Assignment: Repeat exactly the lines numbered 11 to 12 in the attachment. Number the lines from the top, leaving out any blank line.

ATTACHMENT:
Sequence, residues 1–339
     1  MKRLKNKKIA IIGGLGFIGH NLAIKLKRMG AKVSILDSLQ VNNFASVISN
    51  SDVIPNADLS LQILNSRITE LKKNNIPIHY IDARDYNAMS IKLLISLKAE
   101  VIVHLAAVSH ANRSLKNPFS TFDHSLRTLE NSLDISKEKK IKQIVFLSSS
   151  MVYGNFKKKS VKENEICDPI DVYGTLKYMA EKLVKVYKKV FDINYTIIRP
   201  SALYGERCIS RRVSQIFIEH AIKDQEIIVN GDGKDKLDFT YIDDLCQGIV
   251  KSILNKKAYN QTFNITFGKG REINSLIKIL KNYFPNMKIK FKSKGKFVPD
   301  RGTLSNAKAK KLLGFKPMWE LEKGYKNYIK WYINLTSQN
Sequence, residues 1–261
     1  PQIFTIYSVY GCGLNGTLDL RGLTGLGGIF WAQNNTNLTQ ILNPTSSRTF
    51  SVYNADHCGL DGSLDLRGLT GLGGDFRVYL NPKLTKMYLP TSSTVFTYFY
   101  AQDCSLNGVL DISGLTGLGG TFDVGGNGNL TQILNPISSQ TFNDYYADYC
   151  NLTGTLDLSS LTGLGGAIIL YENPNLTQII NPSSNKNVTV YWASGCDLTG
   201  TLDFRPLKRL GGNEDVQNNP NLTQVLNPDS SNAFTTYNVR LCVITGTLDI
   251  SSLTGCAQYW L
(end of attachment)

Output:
    51  SVYNADHCGL DGSLDLRGLT GLGGDFRVYL NPKLTKMYLP TSSTVFTYFY
   101  AQDCSLNGVL DISGLTGLGG TFDVGGNGNL TQILNPISSQ TFNDYYADYC